So page 10-15 just has you cut some tabs off of the aft bottom skin.  It is actually a lot of work because you have to rebuild a smooth edge from the rough saw cut.  I ended up clamping it loosely to my bench and filing the edge down to a smooth finish (and then doing a final pass on the scotchbrite wheel).  I gave it a quick coat of primer and granite grey and re-clamped it to the bench to rivet the rearmost bulkhead.

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The most exciting news was that I took the last few items out of the empennage case.  I needed the space to walk around the table and wanted to tip it out of the way.  So I took out the top skins  and a couple miscellaneous parts and tipped the box on it’s side.  I must really be getting to the end of this kit!

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I had a hard time getting the aft rear skin and bulkheads in clecoed in place.  I ended up pulling the skins off and rejiggering the hole mess.  Eventually though everything was square and then the clecos slid right in the way they’re supposed to.  My son stopped by to help rivet, but we spend about an hour just getting the clecos ready.

We were able to squeeze the top row.  It went really fast because we could squeeze most of the rivets away from the bulkheads.  My son would pull the clecos and set up a rivet for the easy ones. I got the reset with my tungsten bucking bar and mushroom set.

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It was getting late, so I didn’t have much time (my son had gone home to sit down and warm up since it was back to a one person riveting operation).  I got the top half of bulkhead rivets done down to the A stiffener.  I’ll get the bottom half tomorrow… I’ll probably need some help to get the curved bottom parts though.  The skins there do not lay very flat.  I broken them as Van’s suggests, but they really need a lot more bend than I gave them (particularly  in the aft section).  I’ll probably try to soft tap them with my rivet gun to set a curve.

 

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Got a few hundred rivets in today.  Should get about three hundred more tomorrow!  Then the top skins go on with a dozen nut plates and the wiring harnesses get routed (the harnesses are already in place to get them to run through the stiffener channels but have to be finalized in a couple of pages).

Closing in on a new trophy if I can just get off page 10-19 🙂

Bulkheads everywhere….

Even with mass this morning and fixing the Christmas lights, I got to the shop by 1:30 for about 5 hours of work on the bulkheads.

There are five bulkheads.  I riveted the aft-most one yesterday and deburred and primed the next two  Those came together pretty quickly.  With lots of cold 1/8″ rivets, it was easier to hand squeeze than to use the pneumatic squeezer (better control and more oomph by hand!).

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I clamped my hand squeezer to the table which made the riveting much easier than holding an unweildy bulkhead and a rivet and a squeezer all at once.  It also made it a lot easier to get a good push on the arm and make best use of its mechanical advantage.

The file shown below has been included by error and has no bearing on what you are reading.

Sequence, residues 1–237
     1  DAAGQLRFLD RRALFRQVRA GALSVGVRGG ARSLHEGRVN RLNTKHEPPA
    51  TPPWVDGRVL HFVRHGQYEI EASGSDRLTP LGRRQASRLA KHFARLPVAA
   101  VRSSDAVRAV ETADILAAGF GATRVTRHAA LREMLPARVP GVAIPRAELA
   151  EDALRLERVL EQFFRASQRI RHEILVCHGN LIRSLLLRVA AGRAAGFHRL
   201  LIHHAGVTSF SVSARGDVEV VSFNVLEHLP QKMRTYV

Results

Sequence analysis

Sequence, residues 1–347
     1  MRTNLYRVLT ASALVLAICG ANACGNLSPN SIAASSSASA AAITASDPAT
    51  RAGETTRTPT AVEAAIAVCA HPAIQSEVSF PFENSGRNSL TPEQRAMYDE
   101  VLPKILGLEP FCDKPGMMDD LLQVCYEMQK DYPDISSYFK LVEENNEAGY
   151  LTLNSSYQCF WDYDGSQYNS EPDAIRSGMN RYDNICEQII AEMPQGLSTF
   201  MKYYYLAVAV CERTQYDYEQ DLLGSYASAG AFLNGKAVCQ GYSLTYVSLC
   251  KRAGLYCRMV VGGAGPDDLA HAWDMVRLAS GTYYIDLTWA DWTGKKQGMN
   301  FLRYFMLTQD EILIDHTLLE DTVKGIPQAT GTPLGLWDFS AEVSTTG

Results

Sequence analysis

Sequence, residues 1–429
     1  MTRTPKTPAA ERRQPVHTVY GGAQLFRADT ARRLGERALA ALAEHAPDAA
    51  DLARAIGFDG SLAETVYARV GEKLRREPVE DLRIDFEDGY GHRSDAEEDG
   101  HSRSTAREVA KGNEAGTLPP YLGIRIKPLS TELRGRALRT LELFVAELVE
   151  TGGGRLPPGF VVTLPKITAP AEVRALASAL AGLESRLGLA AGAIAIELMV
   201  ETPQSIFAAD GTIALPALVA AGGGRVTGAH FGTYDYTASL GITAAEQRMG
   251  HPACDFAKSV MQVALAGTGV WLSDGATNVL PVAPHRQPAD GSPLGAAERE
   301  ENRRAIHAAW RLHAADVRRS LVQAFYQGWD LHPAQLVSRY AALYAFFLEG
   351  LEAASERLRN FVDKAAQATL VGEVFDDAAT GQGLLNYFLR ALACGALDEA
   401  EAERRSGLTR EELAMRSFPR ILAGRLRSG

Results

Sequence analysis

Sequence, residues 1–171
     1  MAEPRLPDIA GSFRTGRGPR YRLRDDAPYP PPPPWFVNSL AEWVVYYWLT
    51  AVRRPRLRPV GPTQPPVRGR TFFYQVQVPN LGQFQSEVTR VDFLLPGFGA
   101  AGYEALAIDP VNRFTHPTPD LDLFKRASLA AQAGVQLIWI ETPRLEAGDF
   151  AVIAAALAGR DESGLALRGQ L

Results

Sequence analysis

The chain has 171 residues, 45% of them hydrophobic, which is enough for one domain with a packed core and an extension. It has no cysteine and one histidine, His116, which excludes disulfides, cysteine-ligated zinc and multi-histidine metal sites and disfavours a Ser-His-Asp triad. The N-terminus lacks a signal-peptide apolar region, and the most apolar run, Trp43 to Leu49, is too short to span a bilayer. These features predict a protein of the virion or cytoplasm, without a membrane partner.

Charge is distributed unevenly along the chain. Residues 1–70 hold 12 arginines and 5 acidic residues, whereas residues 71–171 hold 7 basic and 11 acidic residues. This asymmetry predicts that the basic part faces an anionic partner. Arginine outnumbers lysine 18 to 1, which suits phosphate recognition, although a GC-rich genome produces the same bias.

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The rear three bulkheads take up only 20″ of the fuselage!  They have bulky straps to hold the vertical and horizontal stabilizers in place.

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The next steps seemed so simple…  The 2 forward bulkheads only have a few rivets and no thick aluminum straps to mount.  However, they are very large (compared to the other bulkheads), are made in two pieces, and have many, many nooks and crannies to deburr.  I filed the worst parts of the outside with a fine file, hit the many lightening and system holes with sandpaper and scotchbrite, and sanded around each of the approximately 10,000 flange tabs.  Then I finished the accessible edges on the scotchbrite wheel.  I used almost (but not quite) all my remaining primer priming the bulkhead parts.  Not too many rivets to do and the squeezer was still set up, so I thought I would bang together the last two bulkheads.  The first one went together very quickly (only 5 rivets as you leave the top 3 open for later riveting).  The second one has ten rivets (an extra two hold the rudder cable bracket to the bulkhead).   On my very last rivet, the squeezer apparently shifted so I got a smile rivet to drill out next time.

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So, the bulkheads are done for now.

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The next steps are to deburr and prime the bellcrank ribs and one more, thankfully small, bulkhead.  Then the bottom skin goes on and it starts to look like a real airplane body.

Bulking up… working on the rear fuselage bulkheads

I only had the afternoon to work on the plane today.  The contractor’s minions were working trying to get our 8 week project (now in it’s 9th month) done.  I got to the shop around 1pm and in the first five minutes managed to blow the breaker.  The garage is very power challenged; it has barely enough juice to power my compressor.  Today I tripped it with a heat gun (pre-warming the oil in the compressor), a microwave oven (heating water to pre-warm the rattle can primer), and my propane heater (to pre-warm me!).  Unfortunately, the breakers are in the locked basement of the rental house, so I had to call the landlord’s son to pop it back on.  He couldn’t get there until 3pm!  So I worked by the light of the garage windows.